Now, when we gather to make Eucharist, as we have tonight, this pattern—gathering, blessing, breaking, giving—is usually more orderly…more obvious…more sequential…more controlled than it is in our daily lives.
But if we’re honest, we know that, no matter how hard we try, we can never impose the kind of order on our lives that we can (or sometimes can) impose on a formal worship service. In our day-to-day lives, we are usually experiencing gathering and brokenness, and blessing and scattering all at the same time…Or one part of our life might feel blessed while another feels broken, etc.
But…this kind of jumbled-up experience does not mean that God is not at work in us and through us.
I think that one of the messages of Holy Week is that God is always at work—God is always working to germinate something new and life-giving even in the midst of things that are ending and dying. God is at work even in the darkest and most confusing times.
(Please note that I am not saying that God causes the dark times…or that grief and loss are somehow necessary or integral to some kind of grand divine plan…that’s another sermon…or rather a lifetime’s worth of spiritual wrestling…Suffering is not to be dismissed or ignored.
But what I am saying is that the presence of suffering does not automatically imply the absence of God—even when it feels like God is absent.
What I am saying is that somehow, even when we are incapable of perceiving it, God is still present and active in our lives…)
And, if you think about it, the Eucharist springs up from the very same meal we remember and re-enact tonight—Jesus’ Last Supper with his disciples. A time of ending…of fear…of confusion…or grief. (It is no accident that we use crushed things—crushed grapes, crushed grain—to mediate and to proclaim God’s life-giving presence…)
And once again, we see that God can cause something new and life-giving to take root and grow out of an experience of profound loss—even betrayal and death. We see that God can work through broken people to bring new and unexpected life to the world.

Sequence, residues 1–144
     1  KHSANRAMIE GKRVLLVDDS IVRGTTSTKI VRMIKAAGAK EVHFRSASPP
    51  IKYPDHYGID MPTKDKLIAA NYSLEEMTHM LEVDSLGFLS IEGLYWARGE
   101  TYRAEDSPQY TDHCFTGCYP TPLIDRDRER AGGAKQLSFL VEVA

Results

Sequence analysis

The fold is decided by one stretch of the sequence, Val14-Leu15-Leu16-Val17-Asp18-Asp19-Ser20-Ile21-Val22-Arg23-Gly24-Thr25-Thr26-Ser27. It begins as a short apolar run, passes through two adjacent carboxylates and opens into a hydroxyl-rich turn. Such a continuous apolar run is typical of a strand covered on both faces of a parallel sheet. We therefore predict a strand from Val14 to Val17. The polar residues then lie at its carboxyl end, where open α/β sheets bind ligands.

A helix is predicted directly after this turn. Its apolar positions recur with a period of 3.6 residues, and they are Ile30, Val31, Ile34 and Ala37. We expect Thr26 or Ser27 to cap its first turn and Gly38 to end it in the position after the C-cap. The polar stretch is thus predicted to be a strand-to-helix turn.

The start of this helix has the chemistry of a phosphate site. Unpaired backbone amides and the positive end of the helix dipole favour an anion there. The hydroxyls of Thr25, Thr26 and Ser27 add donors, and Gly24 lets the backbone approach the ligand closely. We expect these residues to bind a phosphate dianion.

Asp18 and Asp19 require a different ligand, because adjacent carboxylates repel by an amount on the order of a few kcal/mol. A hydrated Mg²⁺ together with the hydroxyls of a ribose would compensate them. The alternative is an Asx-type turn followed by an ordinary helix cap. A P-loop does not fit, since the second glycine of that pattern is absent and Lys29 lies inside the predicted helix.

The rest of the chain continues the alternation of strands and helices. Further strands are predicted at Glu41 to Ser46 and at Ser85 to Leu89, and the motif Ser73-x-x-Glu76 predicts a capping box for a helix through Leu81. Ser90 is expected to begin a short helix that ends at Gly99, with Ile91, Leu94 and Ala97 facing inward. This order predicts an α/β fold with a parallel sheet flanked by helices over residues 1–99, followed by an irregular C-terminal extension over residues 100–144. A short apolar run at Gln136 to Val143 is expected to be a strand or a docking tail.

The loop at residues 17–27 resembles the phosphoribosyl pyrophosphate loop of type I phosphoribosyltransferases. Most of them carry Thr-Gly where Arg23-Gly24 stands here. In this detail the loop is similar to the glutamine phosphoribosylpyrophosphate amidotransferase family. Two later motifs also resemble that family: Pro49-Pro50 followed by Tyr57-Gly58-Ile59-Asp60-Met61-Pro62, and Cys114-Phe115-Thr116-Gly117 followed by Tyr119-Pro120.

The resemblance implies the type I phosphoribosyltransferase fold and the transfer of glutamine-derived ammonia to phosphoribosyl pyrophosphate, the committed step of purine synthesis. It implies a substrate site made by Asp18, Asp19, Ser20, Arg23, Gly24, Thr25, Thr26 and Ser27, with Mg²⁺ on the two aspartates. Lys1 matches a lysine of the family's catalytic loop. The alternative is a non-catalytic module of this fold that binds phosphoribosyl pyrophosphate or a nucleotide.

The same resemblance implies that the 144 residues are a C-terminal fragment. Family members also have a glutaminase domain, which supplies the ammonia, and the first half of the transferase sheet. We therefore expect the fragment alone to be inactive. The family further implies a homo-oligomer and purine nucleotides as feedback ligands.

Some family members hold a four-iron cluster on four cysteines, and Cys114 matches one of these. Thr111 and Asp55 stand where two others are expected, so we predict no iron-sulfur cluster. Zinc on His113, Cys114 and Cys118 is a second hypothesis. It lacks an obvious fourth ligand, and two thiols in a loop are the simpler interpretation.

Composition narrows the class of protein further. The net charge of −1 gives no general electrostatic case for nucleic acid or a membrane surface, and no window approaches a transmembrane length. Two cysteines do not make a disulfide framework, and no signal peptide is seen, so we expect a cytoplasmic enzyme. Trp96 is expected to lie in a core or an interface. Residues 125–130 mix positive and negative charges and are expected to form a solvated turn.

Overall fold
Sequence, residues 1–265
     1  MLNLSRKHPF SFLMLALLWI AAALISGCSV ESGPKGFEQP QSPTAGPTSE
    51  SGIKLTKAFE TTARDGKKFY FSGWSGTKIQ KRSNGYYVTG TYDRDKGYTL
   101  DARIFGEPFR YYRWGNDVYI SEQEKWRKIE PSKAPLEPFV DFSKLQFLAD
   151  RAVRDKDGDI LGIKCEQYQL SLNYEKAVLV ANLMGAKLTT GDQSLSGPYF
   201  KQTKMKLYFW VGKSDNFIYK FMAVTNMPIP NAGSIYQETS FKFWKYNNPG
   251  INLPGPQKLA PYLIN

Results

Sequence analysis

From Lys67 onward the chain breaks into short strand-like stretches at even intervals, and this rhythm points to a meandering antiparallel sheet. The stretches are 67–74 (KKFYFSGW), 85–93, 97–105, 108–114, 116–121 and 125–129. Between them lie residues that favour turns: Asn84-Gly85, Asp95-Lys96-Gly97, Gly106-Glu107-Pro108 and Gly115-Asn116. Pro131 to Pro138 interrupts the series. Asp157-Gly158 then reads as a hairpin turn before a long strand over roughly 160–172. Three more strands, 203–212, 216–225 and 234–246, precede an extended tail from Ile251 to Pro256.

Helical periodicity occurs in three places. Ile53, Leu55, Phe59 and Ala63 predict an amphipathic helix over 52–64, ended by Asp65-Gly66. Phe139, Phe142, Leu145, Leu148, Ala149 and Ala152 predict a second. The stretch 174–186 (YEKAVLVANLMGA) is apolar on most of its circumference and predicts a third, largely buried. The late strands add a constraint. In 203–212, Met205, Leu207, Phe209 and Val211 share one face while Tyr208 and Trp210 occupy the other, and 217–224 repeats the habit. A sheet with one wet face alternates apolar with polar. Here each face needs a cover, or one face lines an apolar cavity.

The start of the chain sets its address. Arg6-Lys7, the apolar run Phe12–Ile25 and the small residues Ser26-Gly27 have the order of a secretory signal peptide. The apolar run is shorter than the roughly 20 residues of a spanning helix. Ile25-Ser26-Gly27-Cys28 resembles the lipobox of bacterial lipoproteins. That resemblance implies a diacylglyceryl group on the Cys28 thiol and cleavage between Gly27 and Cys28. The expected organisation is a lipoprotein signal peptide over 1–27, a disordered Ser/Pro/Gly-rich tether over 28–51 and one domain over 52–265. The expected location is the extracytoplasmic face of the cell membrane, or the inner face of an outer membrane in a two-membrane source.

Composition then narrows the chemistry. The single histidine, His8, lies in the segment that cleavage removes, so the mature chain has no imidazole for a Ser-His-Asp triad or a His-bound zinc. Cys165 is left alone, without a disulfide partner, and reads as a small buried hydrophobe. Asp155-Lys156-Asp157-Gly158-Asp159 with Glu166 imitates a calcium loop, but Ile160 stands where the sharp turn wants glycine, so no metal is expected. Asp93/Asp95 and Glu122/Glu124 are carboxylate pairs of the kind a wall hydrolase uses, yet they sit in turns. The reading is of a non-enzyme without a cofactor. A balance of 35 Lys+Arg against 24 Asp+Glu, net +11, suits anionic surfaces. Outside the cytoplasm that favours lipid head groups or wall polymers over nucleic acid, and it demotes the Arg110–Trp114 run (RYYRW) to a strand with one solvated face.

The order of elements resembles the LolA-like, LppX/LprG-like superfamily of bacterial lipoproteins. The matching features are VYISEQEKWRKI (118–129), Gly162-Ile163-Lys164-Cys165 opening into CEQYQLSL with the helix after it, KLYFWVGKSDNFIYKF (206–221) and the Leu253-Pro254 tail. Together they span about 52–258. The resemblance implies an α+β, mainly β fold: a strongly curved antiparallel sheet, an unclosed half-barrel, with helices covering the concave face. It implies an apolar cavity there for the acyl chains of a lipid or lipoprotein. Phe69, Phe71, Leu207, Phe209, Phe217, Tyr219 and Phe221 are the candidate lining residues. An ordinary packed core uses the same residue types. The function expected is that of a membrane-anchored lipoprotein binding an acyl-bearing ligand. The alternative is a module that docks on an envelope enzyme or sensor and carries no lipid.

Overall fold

So, when Jesus says, “Do you know what I have done to you?” there is good news and challenging news.
Jesus says, “Do you know what I have done to you? I have called you to serve when you feel betrayed. I have called to you love your neighbor whether or not you feel loved.
Jesus says, “Do you know what I have done to you? I have made it impossible for you to say, “…well, God couldn’t possibly use me…God couldn’t possibly use me because I am way too damaged…way too sinful…too old…too young…too weak…too broken…”
Jesus says, “I have shown you that God loves to work through broken things and broken people to bring new life and healing to the world.”
This is good news…and hard news. This is comfort and challenge.
In the Book of Common Prayer of the Episcopal Church in the US, there is a paragraph in one of the Eucharistic Prayers (Prayer C) which reads:
“Deliver us from the presumption of coming to this Table
For solace only, and not for strength;
For pardon only, and not for renewal.
Let the grace of this Holy Communion make us one body, one spirit in Christ,
that we may worthily serve the world in his name…”
We do not come to this table only to receive our own personal, interior healing—even though we all do need that.
We come to this table in order to be strengthened so that we can participate in the healing of the world. We come to this table to be forgiven so that we can become forgivers. And God calls us to this struggle—God calls us to participate in the healing of the world even when we ourselves are feeling gathered and scattered, blessed and broken.
Jesus says, “Do you know what I have done to you? I have set you an example. I have gathered you to my table to receive solace and strength, to receive pardon and renewal. And I send you—I scatter you into the world to bring solace and strength and pardon and renewal where grief and guilt and darkness seem overwhelming. I have called you to spend yourselves as I have spent myself.
This is good news and it is hard news.
May God give us the grace and courage to follow where Jesus has led.
© Jacqueline Cameron